It’s pretty easy to see why Sands of Salzaar sold over 50,000 copies (opens in new tab) on Steam in just a few days despite only being available in Chinese. It takes the strategy simulation of Mount and Blade and drops it into an ancient Chinese setting full of mythological monsters, rare artifacts, and cackling wizards. Instead of having to master a brutal combat system about perfectly timed parries and sword swings while wearing little more than squirrel pelts for armor, I’m a badass mage commanding an army of feral wolves and summoned demons. It’s pretty cool, but Sands of Salzaar is also every bit as janky and frustrating as the games it so liberally borrows from.
Released in Early Access back in January, which somehow feels like a decade ago, Sands of Salzaar just recently got a major update that includes a full English translation. After a quick tutorial, I was dropped head-first into an enormous open world sandbox that lives on its own: Tribes regularly go to war with one another, merchant caravans slip past bandit ambushes, and there are several dozen characters I can befriend or antagonize.
Just like Mount and Blade, it’s a lot to take in at first. But after a few hours of kicking and flailing around I started to get my bearings and actually make progress. And, just like TaleWorlds’ seminal sim RPG, it’s satisfying being able to carve out my own niche as a merchant, warlord, a lonely swordsman, or something else altogether.
Sands of Salzaar isn’t a total clone, though. The fantasy elements are woven into the game in a way that reminds me of Heroes of Might and Magic 3 in all the right ways. Instead of being mostly empty, the world is bursting with resources to find and collect, mini-dungeons to explore, and strangers to meet. It's a much livelier place than the green stretches of Calradia, especially if you venture into the flaming wastes home to a race of supernatural beings known as Ifrit who are plotting to wipe out all humans.
There’s a much bigger emphasis on telling a written story, too. I’m constantly running into bespoke quests that are much more interesting than the bandit-hunting I’m usually relegated to for the first ten hours of any Mount and Blade game. The English translation isn’t great, and the presentation on a whole is extremely janky, but there’s a lot of charm and personality to the world.
During one quest, for example, I had to infiltrate a nearby mine that had been overtaken by a cult of Ifrit worshippers to rescue a consigliere. Turns out, that guy was the one leading the cult all long. Surprise, surprise. In those moments, the dialogue oscillates between hamfisted to borderline incomprehensible, but there’s also this odd earnestness about it all that I find charming. I like that Sands of Salzaar is at least trying to make its world full of interesting sidequests.
I’m also willing to overlook the shoddy English translation because it’s just fun to run around, take on quests, and use those rewards to increase my army. That same addicting loop present in all great strategy sims alive and well, and even if certain aspects, like having to repair armor and weapons, are annoying, I’m enjoying my slow crawl from nobody to renowned hero.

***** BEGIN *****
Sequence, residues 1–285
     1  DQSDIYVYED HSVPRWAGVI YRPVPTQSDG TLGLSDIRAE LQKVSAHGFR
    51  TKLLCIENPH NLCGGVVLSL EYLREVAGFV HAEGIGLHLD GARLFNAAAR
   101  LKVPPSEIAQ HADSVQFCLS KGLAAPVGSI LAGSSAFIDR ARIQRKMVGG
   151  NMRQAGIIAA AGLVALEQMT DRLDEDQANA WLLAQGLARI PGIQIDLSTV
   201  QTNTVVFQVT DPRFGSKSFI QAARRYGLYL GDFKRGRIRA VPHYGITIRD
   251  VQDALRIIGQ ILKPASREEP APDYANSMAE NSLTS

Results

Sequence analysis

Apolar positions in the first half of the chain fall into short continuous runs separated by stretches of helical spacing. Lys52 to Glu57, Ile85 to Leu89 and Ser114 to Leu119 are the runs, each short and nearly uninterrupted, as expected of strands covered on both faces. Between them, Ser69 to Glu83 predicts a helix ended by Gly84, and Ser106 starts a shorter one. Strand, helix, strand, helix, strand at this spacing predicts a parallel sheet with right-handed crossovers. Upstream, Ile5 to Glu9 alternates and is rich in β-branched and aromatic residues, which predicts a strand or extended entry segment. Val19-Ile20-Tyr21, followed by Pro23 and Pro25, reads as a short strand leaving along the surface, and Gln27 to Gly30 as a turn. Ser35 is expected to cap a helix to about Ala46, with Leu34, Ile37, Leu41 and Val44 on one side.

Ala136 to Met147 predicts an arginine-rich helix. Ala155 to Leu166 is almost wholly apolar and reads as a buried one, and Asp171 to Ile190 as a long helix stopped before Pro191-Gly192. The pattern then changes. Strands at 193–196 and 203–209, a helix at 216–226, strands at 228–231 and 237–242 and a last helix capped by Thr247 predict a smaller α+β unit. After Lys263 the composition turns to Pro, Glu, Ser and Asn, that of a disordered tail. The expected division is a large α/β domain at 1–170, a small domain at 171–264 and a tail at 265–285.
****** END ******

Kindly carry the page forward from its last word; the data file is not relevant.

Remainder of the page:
I just wish the combat was more exciting. Instead of fighting in either first or third-person, battles in Sands of Salzaar are more akin to an action RPG like Diablo 3. It doesn’t come close to evoking the same tension of a massive battle like in Mount and Blade, but it is fun being able to wade into a group of enemies and obliterate them with spells. Each of the character classes has access to a unique skill tree and abilities that are triggered MMO-style. It’s fun for a while, but I wish there was a lot more diversity in both what I could do and how other combatants fight.
Right now, both armies just charge at each other headlong and hope for the best. There are options for formations or to command squads individually, but it just feels useless when the chaos is erupting in real-time. I’m far better off blasting my own abilities and letting my troops distract the enemy than trying to cleverly position them—especially when battlefields are typically just wide open, featureless spaces.
Sieges are straight up awful, though. Instead of just fighting to the last man, sieges require you to capture strategic locations on the map one at a time while rebuffing waves of attacking enemies. If one of your squads dies, they’ll respawn a short time later as long as you’ve earned enough resources from captured objectives. But the whole thing is kind of a mess. Enemy units will often spawn right on top of me as I’m halfway done capturing a point, and once you figure out the attack pattern of reinforcements, it’s easy to just sweep across the map without much thought.
During one fight that I was woefully underleveled for, though, I couldn’t even find a way to trigger a failure condition. I had no reinforcements, but the enemy refused to move in and take my final camp, and if I tried to kill myself I’d just respawn a few seconds later. My only option was to quit out and load an old save. Frustrations like that don’t completely ruin the fun, but I’m sure as hell not doing another siege unless I have absolutely no choice.
Moments like these are especially disappointing because Sands of Salzaar is so close to being something special. But these are exactly the kind of kinks you’d expect to find in a game that’s in Early Access, so I’m optimistic for how Sands of Salzaar will continue to evolve over time. But if you’re a fan of Mount and Blade, you’ll probably still have a good time. After all, you wouldn’t be much of a Mount and Blade fan if a little jank turned you off.